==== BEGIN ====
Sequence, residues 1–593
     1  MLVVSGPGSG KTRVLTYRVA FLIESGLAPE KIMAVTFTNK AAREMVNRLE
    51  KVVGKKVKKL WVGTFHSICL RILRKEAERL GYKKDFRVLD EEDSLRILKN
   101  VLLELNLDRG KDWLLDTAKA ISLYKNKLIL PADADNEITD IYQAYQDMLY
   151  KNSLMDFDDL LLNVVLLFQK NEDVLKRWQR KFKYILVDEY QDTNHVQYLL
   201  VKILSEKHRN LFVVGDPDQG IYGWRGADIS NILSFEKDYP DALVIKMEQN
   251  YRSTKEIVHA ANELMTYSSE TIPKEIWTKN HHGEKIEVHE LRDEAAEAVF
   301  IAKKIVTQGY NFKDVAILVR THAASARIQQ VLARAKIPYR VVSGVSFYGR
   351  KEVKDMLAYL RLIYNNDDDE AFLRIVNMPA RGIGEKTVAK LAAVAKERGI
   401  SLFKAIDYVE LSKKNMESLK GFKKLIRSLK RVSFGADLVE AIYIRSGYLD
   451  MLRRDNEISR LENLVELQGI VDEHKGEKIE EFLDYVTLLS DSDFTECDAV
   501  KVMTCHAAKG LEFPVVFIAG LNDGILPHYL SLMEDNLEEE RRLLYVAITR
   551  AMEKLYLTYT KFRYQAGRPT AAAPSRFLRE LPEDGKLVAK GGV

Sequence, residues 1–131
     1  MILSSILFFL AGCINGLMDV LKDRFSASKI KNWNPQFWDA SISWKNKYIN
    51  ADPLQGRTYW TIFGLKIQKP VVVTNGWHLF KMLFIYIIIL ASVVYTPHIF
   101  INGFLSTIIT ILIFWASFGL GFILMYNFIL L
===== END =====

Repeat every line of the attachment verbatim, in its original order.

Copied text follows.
Sequence, residues 1–593
     1  MLVVSGPGSG KTRVLTYRVA FLIESGLAPE KIMAVTFTNK AAREMVNRLE
    51  KVVGKKVKKL WVGTFHSICL RILRKEAERL GYKKDFRVLD EEDSLRILKN
   101  VLLELNLDRG KDWLLDTAKA ISLYKNKLIL PADADNEITD IYQAYQDMLY
   151  KNSLMDFDDL LLNVVLLFQK NEDVLKRWQR KFKYILVDEY QDTNHVQYLL
   201  VKILSEKHRN LFVVGDPDQG IYGWRGADIS NILSFEKDYP DALVIKMEQN
   251  YRSTKEIVHA ANELMTYSSE TIPKEIWTKN HHGEKIEVHE LRDEAAEAVF
   301  IAKKIVTQGY NFKDVAILVR THAASARIQQ VLARAKIPYR VVSGVSFYGR
   351  KEVKDMLAYL RLIYNNDDDE AFLRIVNMPA RGIGEKTVAK LAAVAKERGI
   401  SLFKAIDYVE LSKKNMESLK GFKKLIRSLK RVSFGADLVE AIYIRSGYLD
   451  MLRRDNEISR LENLVELQGI VDEHKGEKIE EFLDYVTLLS DSDFTECDAV
   501  KVMTCHAAKG LEFPVVFIAG LNDGILPHYL SLMEDNLEEE RRLLYVAITR
   551  AMEKLYLTYT KFRYQAGRPT AAAPSRFLRE LPEDGKLVAK GGV

Sequence, residues 1–131
     1  MILSSILFFL AGCINGLMDV LKDRFSASKI KNWNPQFWDA SISWKNKYIN
    51  ADPLQGRTYW TIFGLKIQKP VVVTNGWHLF KMLFIYIIIL ASVVYTPHIF
   101  INGFLSTIIT ILIFWASFGL GFILMYNFIL L